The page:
Facts About Starry Stonewort
Starry stonewort (SSW) is a macroalgae from the family Characeae that closely resembles a vascular plant. It originated in Eurasia, where it is considered to be an endangered species, and entered the US sometime in the 1970s. It invades lakes, ponds, and slow-moving water bodies wehre it attaches to the sediment using rhizoids, and grows up to 2 meters. (Kipp et al., 2017)
SSW’s body is comprised of a chain of nodes and internodal segments, which function as its stem. Whorls of 5-7 branchlets extend from each node, with bract cells growing off of branchlets, giving them a forked appearance.
Color varies depending on the time of year, starting as a bright green and changing to a greenish-brown as the season progresses.
SSW has both male and female individuals and produces unique reproductive organs, dependent on the individual’s sex, at branchlet nodes. For males, this means orange antheridia, while for females it means bright red to light green oogonia. However, only males have been found in North America. SSW can also reproduce asexually from fragments.
In order to anchor themselves to the sediment, SSW uses clear, root-like rhizoids. At the nodes of these rhizoids, white, star-shaped bulbils are produced. It is from these bulbils that the name “starry” stonewort is derived.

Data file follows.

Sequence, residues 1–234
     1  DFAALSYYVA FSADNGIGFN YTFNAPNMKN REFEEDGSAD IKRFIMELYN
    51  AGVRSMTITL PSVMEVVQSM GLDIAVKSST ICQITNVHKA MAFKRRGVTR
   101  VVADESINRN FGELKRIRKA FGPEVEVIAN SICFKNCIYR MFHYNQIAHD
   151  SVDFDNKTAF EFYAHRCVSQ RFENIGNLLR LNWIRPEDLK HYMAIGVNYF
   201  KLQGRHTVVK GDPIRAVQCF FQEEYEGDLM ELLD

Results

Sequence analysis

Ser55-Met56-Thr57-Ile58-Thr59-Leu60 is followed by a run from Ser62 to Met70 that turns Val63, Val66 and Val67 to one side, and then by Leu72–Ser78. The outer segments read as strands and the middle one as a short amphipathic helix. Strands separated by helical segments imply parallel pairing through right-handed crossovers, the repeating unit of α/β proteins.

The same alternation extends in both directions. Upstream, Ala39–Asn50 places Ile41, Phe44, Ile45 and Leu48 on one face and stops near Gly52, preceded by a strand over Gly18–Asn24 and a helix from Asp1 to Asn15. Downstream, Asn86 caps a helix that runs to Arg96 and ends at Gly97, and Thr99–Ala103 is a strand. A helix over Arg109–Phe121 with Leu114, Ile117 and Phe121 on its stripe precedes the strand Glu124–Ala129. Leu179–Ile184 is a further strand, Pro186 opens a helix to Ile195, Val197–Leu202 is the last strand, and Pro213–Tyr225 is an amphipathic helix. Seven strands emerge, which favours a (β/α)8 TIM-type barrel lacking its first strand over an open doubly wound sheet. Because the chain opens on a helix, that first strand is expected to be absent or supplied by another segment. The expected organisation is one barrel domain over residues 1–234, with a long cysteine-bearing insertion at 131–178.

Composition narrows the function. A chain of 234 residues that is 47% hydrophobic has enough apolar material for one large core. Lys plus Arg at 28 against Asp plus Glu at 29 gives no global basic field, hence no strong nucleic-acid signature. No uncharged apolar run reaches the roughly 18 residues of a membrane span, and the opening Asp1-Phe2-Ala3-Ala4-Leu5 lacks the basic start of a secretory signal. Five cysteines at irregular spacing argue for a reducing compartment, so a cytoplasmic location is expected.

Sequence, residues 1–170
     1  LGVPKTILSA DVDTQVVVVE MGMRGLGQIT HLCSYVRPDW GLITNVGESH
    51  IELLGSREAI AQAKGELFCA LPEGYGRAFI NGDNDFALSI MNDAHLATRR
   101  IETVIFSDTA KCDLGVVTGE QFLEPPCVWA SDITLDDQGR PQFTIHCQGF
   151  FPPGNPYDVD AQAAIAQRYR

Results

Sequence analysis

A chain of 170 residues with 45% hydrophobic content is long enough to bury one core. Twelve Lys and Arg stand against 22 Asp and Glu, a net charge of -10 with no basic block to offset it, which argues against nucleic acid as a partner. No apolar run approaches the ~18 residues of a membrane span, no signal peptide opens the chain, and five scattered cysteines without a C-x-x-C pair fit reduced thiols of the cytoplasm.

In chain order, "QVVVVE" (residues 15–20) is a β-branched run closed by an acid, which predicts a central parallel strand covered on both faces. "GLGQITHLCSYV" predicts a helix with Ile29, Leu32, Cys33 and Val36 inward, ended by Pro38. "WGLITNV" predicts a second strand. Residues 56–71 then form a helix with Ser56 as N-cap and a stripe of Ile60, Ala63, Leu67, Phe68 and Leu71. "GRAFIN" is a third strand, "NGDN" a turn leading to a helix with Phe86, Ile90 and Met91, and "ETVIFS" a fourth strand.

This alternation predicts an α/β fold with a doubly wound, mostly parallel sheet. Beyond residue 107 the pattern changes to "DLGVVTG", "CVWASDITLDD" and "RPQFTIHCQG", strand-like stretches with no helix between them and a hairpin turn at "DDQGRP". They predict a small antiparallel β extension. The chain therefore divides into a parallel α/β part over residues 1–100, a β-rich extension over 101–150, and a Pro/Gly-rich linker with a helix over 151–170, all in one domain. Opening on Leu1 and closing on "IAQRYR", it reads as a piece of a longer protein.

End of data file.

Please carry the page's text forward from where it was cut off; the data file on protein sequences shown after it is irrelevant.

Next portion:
The bulbils are also a distinguishing trait, as no native macroalgae has them. SSW is also larger in comparison to other macroalgae due to longer branchlets. Additionally, SSW lacks the skunky smell of native macroalgae from the family Chara, also known as musk-grasses.
In this video you can learn to identify starry stonewort (Nitellopsis obtusa) and distinguish it from several look-alike species.
A production of the Wisconsin Lakes Partnership.
Where did it come from?
Starry stonewort is native to parts of Europe and Western Asia. The first occurance of SSW was documented in 1978 in the St. Lawrence River between New York (NY) and Ontario, Canada. Ballast water is the prime suspect for entry and subsequents spread throughout the Great Lakes basin (GLB).
Rake toss sample showing nearly 100% SSW, Keuka Lake Outlet, Penn Yan, NY
Why is it a problem?
Like many invasive species Nitellopsis obtusa spreads very quickly especially in disturbed areas. It can regenerate from very small fragments and can be spread between water bodies on vehicles and boat trailers.
A bed of Starry Stonewort, Keuka Lake Outlet, Penn Yan, NY
Left unchecked SSW grows into great “meadows” or pillows that cause harm to natural environmental systems and make fishing, swimming or boating nearly impossible. This in turn can potentially result in economic impacts to areas near infested